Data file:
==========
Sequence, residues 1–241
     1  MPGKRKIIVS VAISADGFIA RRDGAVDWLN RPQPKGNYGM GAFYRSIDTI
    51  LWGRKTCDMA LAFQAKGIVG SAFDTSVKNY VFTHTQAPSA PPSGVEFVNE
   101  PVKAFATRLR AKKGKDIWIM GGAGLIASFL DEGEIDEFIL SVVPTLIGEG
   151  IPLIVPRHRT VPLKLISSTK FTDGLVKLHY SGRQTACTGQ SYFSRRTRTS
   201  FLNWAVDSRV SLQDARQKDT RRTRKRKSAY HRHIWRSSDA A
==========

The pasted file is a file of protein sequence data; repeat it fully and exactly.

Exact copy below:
Sequence, residues 1–241
     1  MPGKRKIIVS VAISADGFIA RRDGAVDWLN RPQPKGNYGM GAFYRSIDTI
    51  LWGRKTCDMA LAFQAKGIVG SAFDTSVKNY VFTHTQAPSA PPSGVEFVNE
   101  PVKAFATRLR AKKGKDIWIM GGAGLIASFL DEGEIDEFIL SVVPTLIGEG
   151  IPLIVPRHRT VPLKLISSTK FTDGLVKLHY SGRQTACTGQ SYFSRRTRTS
   201  FLNWAVDSRV SLQDARQKDT RRTRKRKSAY HRHIWRSSDA A